Those who use cars, vans, pickups, or panel trucks for business will get a break too. The mileage rate for Jan. 1 through June 30 is 50.5 cents, up 2 cents. And the rate for the rest of 2008 is 58.5 cents.

Last year the Internal Revenue Service got tough on demanding proof for charitable deductions. Tax experts said that has not changed and may be even tougher this filing season.

For noncash contributions, you have to be really careful and be able to back it all up. It was abused for so long that now you have to have a receipt for everything you give, said Mr. Hodge, who is the owner of Robert G. Hodge Tax Services.

It used to be letters for everything over $250, and now it s letters for everything, Mr. Hodge said.

A new question tax preparers are getting this year is how unemployment benefits are taxed.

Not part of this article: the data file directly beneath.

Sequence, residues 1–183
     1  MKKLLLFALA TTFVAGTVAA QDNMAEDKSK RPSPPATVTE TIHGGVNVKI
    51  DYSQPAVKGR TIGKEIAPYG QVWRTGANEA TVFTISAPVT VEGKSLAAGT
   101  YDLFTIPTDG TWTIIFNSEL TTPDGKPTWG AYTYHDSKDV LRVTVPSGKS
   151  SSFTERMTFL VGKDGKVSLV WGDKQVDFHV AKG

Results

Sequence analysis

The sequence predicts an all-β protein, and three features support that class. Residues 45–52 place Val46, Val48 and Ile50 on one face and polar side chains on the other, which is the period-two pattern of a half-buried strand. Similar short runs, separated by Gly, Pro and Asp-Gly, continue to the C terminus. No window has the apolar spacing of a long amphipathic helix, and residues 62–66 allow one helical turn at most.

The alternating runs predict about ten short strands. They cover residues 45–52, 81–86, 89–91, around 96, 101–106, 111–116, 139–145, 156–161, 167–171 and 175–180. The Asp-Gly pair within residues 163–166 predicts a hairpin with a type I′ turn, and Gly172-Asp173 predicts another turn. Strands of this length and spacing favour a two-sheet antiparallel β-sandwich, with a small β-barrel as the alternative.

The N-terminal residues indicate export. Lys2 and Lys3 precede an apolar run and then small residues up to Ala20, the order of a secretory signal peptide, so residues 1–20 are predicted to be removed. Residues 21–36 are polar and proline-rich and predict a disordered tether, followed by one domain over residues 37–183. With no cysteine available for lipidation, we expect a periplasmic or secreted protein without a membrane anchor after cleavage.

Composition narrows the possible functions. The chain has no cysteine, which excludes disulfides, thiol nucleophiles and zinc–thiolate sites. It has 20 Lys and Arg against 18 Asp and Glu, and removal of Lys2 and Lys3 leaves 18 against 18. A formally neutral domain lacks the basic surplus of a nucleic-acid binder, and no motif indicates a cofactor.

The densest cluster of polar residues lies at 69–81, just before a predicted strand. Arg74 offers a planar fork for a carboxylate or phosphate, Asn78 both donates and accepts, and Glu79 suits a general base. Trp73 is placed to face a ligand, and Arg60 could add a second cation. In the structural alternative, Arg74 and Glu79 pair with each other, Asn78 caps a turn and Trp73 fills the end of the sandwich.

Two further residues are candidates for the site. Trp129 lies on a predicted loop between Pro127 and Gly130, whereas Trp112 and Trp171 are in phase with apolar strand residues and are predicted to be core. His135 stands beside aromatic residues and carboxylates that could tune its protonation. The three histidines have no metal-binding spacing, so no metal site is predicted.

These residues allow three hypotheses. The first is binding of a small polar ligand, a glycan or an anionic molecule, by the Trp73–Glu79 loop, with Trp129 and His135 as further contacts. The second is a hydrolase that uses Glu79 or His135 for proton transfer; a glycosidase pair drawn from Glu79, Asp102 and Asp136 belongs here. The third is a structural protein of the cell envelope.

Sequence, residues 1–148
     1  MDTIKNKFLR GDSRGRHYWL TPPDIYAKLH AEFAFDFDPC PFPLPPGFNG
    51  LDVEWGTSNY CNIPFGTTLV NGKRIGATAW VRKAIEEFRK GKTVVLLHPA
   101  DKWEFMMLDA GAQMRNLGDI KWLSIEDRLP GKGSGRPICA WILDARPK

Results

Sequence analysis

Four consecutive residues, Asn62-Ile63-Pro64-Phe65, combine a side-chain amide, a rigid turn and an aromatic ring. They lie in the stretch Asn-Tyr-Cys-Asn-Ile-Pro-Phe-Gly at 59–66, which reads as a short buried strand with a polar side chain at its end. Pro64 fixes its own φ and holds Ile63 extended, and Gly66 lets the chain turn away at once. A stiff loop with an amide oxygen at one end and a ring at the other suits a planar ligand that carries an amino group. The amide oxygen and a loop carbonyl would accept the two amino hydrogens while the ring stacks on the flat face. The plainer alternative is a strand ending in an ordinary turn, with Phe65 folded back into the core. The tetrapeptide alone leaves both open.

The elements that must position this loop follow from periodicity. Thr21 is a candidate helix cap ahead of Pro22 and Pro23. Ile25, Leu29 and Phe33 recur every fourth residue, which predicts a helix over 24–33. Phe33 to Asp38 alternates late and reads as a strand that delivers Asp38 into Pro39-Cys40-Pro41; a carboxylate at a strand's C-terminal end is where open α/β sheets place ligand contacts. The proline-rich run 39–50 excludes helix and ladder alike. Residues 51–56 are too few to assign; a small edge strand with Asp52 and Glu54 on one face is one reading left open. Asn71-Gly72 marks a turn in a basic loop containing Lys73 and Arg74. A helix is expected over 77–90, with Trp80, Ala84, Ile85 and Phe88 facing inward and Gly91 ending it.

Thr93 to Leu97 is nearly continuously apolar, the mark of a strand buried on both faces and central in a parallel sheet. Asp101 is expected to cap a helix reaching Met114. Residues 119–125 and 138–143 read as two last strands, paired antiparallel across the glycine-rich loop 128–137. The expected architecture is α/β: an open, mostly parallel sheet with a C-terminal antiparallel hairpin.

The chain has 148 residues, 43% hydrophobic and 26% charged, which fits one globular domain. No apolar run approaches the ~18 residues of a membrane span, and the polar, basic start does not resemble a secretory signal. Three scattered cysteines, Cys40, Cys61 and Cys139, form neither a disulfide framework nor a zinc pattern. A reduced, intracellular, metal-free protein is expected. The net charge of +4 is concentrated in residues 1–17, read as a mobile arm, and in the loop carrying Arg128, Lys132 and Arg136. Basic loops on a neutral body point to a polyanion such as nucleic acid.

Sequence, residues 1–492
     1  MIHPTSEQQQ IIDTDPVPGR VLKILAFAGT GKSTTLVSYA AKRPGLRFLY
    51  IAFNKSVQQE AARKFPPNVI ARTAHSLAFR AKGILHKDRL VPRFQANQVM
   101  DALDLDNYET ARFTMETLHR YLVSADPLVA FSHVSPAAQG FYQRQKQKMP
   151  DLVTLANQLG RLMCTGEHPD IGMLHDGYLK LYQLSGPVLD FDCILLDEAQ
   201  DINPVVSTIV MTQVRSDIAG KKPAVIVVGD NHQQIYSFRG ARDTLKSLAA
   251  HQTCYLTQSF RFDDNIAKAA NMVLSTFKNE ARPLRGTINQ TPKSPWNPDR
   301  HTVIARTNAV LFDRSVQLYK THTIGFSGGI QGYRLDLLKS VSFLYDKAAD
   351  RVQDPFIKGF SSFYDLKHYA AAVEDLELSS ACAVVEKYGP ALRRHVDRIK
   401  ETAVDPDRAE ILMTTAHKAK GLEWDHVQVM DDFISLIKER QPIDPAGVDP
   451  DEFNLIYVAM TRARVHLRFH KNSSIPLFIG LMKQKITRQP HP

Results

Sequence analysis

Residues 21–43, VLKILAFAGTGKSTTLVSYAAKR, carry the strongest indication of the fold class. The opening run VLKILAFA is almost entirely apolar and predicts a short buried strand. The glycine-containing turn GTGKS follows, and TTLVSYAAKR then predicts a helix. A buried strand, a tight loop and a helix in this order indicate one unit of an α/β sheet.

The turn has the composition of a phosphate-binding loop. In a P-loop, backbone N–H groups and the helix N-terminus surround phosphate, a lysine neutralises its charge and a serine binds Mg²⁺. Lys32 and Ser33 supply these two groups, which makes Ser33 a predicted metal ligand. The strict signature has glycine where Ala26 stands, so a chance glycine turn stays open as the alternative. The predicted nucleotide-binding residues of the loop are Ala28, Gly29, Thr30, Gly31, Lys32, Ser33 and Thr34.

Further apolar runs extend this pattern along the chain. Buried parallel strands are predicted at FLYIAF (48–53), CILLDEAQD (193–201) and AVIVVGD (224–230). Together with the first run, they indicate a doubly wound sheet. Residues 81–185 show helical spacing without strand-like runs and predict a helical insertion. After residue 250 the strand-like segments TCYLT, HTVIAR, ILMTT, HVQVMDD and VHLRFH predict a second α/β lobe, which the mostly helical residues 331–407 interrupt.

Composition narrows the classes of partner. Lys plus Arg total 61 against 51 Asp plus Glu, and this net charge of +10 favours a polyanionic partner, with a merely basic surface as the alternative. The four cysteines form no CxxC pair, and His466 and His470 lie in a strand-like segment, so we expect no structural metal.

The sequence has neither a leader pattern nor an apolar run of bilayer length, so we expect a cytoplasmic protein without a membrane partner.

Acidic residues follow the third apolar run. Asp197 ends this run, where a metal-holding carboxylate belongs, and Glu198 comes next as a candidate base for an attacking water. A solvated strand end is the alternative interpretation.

There are not as many as I thought I would see because most of them are just starting to get their benefits now, but I am definitely seeing more unemployment cases, Mr. Hodge said.

Honestly, this is the most depressing tax season I ve ever been through, and I ve been doing taxes for 36 years, he said. I ve had to advise people to walk away from their homes.

Tax-wise, unemployment benefits are fully taxable income, but when applying for benefits, applicants will be asked if they want up to 10 percent withheld for tax purposes.

People don t know what kind of situation they will find themselves in later, so it s always better to request withholding, Mr. Hodge said.

Contact Jon Chavez or 419-724-6128.